{Recipe} Cranberry-Wine Braised Beef Ribs

I'll never know what posessed me to make those ribs on a work week night. It's not like I had ingredients at home and needed to use them. There was also no crazy good deal on the ribs at my local store. I just, one Monday night, went to the supermarket, approached a meat counter and asked a butcher to cut a big hunk of ribs into cute little cubes. Then I purposely drove to a liquor store and bought wine. The next day I went to a grocery store again and purchased thyme. So, as you can see, I was obviously delusional since I actually went to three stores on two different occasions and then decided to make those ribs on a Tuesday night. I think I was temporarily insane.

It's not a difficult recipe by any means. In fact, it's actually quite easy and I would recommend it to a novice cook. However, it just takes w-a-y t-o-o l-o-n-g to make it. If, on the other hand, you have a few extra hours (and a glass or two of wine to spare for yourself), then these succulent ribs are a very impressive dish to cook!

Adapted from Everyday Food magazine by Martha Stewart

for 8 servings

Olive oil - 5 table spoons
Beef short ribs (bone in) cut into 3 inch cubes - 4 pounds
Salt, pepper
Yellow onion, cut in wedges - 1 large
Thyme - 10 springs
Garlic, peeled and crashed - 3 cloves
Flour - 1/4 cup
All natural cranberry juice (sugarless) - 2 cups
Sweetened cranberry cocktail - 1 cup
Maple syrup - 2 teaspoons (optional)
Dry red wine, such as Merlot - 1 cup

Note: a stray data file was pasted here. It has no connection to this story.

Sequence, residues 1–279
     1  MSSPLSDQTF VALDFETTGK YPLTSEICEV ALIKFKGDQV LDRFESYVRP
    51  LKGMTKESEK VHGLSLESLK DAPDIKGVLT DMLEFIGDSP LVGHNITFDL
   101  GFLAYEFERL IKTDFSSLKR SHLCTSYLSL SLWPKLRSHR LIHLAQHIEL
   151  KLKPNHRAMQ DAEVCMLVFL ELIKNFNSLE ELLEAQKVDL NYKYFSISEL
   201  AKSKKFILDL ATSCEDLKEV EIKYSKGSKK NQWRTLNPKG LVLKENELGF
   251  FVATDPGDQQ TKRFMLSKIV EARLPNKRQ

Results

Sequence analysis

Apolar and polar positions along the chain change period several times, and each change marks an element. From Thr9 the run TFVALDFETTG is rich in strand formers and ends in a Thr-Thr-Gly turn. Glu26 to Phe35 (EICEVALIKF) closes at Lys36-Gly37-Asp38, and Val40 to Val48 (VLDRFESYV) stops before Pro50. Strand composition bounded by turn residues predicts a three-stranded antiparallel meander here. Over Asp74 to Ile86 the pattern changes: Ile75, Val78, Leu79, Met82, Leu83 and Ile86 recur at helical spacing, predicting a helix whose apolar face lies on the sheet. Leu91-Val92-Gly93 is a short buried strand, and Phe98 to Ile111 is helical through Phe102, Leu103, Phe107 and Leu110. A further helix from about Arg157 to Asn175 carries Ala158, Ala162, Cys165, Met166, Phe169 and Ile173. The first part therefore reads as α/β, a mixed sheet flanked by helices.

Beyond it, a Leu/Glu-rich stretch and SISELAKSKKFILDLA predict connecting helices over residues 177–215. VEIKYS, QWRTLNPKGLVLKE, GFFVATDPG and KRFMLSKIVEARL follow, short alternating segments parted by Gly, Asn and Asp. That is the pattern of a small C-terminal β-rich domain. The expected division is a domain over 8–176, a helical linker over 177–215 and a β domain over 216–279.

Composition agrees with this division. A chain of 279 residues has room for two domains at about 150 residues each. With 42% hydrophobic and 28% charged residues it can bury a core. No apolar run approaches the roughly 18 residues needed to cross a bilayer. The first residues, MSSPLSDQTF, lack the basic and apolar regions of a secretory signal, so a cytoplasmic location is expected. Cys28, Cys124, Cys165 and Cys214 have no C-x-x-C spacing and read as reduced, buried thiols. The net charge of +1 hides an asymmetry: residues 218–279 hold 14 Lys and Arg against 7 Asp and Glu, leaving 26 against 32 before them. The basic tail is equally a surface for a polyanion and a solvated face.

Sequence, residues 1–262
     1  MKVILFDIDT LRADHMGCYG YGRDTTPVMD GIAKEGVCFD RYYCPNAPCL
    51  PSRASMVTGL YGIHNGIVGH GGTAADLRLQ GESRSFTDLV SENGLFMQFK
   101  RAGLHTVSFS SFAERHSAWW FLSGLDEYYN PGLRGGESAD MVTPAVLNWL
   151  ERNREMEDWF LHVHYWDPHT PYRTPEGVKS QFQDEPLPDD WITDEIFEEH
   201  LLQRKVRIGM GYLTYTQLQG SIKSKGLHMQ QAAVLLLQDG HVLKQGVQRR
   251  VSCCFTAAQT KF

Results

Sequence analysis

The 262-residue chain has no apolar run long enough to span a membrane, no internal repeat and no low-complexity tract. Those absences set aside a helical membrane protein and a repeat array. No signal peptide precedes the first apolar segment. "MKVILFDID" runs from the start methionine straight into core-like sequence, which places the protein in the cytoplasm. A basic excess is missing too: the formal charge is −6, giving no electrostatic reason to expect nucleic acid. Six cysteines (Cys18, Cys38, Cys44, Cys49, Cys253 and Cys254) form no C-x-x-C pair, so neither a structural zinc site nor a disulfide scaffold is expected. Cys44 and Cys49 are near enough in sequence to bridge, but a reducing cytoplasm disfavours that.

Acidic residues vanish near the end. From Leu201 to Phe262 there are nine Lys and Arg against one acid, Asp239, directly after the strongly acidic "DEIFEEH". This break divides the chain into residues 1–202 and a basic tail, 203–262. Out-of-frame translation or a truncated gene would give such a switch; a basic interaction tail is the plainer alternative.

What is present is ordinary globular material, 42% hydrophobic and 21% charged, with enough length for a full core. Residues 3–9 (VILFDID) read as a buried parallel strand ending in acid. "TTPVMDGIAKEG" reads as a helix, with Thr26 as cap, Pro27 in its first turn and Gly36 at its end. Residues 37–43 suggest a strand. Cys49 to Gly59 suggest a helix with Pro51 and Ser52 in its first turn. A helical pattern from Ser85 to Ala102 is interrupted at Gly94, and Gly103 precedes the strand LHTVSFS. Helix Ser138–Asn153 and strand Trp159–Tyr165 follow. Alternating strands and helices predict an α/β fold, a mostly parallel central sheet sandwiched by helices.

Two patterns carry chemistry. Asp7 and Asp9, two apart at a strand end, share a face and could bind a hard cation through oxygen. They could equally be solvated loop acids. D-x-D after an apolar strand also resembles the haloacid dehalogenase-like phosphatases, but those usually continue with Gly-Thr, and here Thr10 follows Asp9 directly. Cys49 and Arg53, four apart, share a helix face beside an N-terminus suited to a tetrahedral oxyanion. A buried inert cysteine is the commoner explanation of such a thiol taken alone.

• Preheat the oven to 350F.
  • In a Dutch Oven or other large and heavy oven-proof pot with a tight-fitting lid, heat 2 tablespoons of oil over high heat.
  • Season short ribs with salt and pepper.
  • In batches, brown ribs on all sides and transfer to a plate.
  • Once all browning is done, pour off oil from the pot, and wipe loose bits out of the pot with a paper towel.
  • Reduce heat to medium-high and and add remaining 3 tablespoons of oil to pot.
  • Add onion, garlic, and thyme.
  • Cook, scraping up browned bits with a wooden spoon, until onion is softened, about 5 minutes.
  • Add flour and stir onion to coat.
  • Whisk in cranberry juice, cranberry cocktail, maple syrup (if using) and wine.
  • Bring to a boil, stirring frequently.
  • Return ribs to pot, cover, and transfer to oven.
  • Bake until ribs are easily pierced with a tip of a pairing knife, about 3 hours. I gave up baking them after 1.5 hours as it was already 9pm and I was hungry.
  • With a slotted spoon, transfer ribs to a large platter.
  • Strain liquid into a fat separator, let sit briefly, and return to pot, discarding fat. Or, as I did, skim off fat with a spoon. It'll take longer, but I don't have a fat separator. Note to self  (or actually husband who most likely doesn't even read my blog)- add fat separator to my holiday gift wish list.
  • Bring the liquid to boil over medium-high heat and cook until reduced to a sauce-like consistency, about 10 minutes.
  • Strain again, season with salt and pepper if needed and pour over ribs.

As you can see, there's not much technique to this recipe and it's quite easy. It's this all browning in batches, baking, straining, boiling, straining that takes a lot of time. Other than that, it's an easy, tasty, and very impressive recipe. Also, original recipe called for pomegranate juice instead of cranberry juice. I had sugarless cranberry juice in my fridge as well as cranberry cocktail, so I made the substitution. If you have pomegranate juice, then just use 3 cups and omit extra maple syrup.

A quick note - do not serve it with polenta as I did. My husband thought that it was mashed potatoes and was extremely disappointed when he took a first bite. It's been a few days since the dinner and he's still reminding me about how I {tricked} him. 

Posted on December 11, 2012 and filed under Recipe.